Sacramento needs to update its sports policy, which says arena subsidies can only be approved by voters

The public's right to vote was never a nuisance. It's a legitimate policy that has been on the books for years.

Here’s an excerpt from the city of Sacramento’s “sports policy” on publicly funded arenas and other facilities, adopted by the city council in 1996:

“Any amount of direct public subsidy for facility development will be considered only with approval by Sacramento voters through a referendum process.”

Didn’t know the city had a sports policy? You’re not alone. The sports-policy resolution was adopted in the run-up to a 1997 council decision to loan the Sacramento Kings $73 million. It was also around this time there was talk of trying lure Major League Baseball to the city.

The policy lays out scenarios and conditions for subsidizing and incentivizing sports teams. This has been an ongoing concern of this city, you may have noticed.

There are several provisions, none of which the city follows, including the one that says the city manager “is responsible for providing information on the economic impacts of sports franchises.”

The sports policy was never exactly binding anyway. Rob Kerth, a council member at the time (and now SMUD board member, again) recalls that since the Kings loan of 1997 would eventually be paid back, it was decided it didn’t trigger the public-vote requirement. Furthermore, Kerth noted resolutions are the “considered opinion” of the council, not the law of the land.

“In the current situation, the council has approved a project that doesn’t seem to follow its own policies. It is always the council’s right to do this,” Kerth says. The danger is merely that “staff, project proponents and the public will all eventually come to wonder which, if any, of the council’s adopted policies still matter to the council.”

No big deal. Bites brings up the city’s forgotten sports policy not because it presents some legal obstacle to current arena proposal. But because it highlights one of the more dishonest arguments being made by the arena boosters club: That citizens have no power to participate in this decision, other than pep rallies and the occasional election. That a public vote on the arena subsidy is unneeded, unheard of or just a nuisance. The folks spreading this idea are either unaware of the city’s history, or they are obscuring it.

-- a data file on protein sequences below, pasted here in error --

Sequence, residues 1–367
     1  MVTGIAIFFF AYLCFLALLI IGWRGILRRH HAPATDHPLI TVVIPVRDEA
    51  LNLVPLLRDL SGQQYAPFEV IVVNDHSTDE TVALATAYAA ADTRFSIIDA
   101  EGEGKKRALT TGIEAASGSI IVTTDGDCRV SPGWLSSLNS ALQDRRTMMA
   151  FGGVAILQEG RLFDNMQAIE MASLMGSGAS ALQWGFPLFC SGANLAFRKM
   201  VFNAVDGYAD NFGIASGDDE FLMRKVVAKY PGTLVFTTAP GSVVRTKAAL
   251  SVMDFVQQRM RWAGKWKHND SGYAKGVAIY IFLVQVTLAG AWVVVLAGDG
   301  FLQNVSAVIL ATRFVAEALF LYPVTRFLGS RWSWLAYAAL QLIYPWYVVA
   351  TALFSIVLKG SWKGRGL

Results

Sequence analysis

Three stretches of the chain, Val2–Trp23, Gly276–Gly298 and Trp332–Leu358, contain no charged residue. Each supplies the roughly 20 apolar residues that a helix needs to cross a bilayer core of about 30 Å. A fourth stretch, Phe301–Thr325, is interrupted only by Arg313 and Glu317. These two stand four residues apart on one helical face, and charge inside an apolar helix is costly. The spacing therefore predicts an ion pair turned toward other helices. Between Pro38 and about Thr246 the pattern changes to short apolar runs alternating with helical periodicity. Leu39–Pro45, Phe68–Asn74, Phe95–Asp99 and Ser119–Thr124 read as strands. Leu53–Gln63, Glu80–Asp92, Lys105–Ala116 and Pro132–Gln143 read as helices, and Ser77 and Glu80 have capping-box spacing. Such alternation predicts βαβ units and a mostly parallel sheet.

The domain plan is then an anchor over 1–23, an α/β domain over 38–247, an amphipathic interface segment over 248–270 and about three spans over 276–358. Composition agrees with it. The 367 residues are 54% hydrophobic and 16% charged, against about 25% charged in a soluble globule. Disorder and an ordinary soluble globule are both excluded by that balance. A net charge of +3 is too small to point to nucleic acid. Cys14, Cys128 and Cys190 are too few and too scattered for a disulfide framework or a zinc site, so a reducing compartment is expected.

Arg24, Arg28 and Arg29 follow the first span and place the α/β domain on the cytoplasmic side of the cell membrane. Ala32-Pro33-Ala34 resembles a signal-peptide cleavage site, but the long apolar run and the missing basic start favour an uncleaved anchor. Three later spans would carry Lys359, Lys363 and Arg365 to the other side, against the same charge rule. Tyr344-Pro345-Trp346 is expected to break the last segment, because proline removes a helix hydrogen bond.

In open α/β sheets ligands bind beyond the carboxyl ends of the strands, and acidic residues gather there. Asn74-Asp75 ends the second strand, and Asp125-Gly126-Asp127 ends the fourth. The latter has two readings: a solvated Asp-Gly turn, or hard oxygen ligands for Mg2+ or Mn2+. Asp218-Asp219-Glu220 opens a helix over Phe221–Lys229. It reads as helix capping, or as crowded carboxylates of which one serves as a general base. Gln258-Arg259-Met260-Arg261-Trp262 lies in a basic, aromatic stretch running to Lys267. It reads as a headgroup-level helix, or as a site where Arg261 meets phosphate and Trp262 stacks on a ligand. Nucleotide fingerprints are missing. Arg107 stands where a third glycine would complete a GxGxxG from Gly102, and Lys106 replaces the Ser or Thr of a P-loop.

Sacramento Taxpayers Opposed to Pork made itself an easy target in many ways, starting with its name. Whether Superior Court Judge Timothy Frawley would toss the signatures of 23,000 citizens because of the petition errors always seemed like a 50-50 proposition.

But Bites was surprised that Frawley bought into the boosters’ argument that voter approval is somehow usurping the power of the city council. After all, the STOP initiative, for all its problems, only codified a policy the city council itself set long ago.

It’s OK to change that policy. And if the considered opinion of the council is now “no public votes on sports subsidies,” then the council should adopt a new policy and explain the change in public.

But you can’t pretend the old policy didn’t exist. You can’t pretend that the plurality of citizens who liked that policy are somehow being unreasonable when it asks the city to stick to it. Or that a public vote on sports subsidies was some sort of foreign, far-out idea.

As Bites has written before, the STOP initiative was always a clunky tool for the job. A referendum, where voters confirm or reject the council’s arena actions would be more elegant.

The problem with the referendum—and the reason why STOP went the route that it did—is that the law only allows 30 days to gather enough signatures to put a referendum on the ballot.

Also, city officials believe the council’s arena vote can’t be subject to a referendum, because it’s not an “ordinance.” Only ordinances are subject to referendum, the argument goes, not major city-changing expenditures of hundreds of millions of dollars.

“That’s completely wrong. These are clearly subject to a referendum,” says Mark Paul, co-author of California Crackup, a history and critique of California’s direct democracy. He says courts have held citizens can vote on “legislative acts,” which enact policies or projects, regardless of whether they are called “ordinance.”

And Paul says election code explicitly allows for citizens to hold a referendum on the issuance of government bonds. In fact, in the case of bonds, the law allows 60 days to collect signatures, and the overall signature requirement is lower. About 12,000 signatures would be required to put Sacramento’s arena bonds to a public vote.

It may be that there’s no more appetite for more signatures and petitions. Bites is certainly a bit burned out. But don’t be fooled. The public’s right to vote was never a nuisance. It’s a legitimate policy that has been on the books for years. And it’s still possible.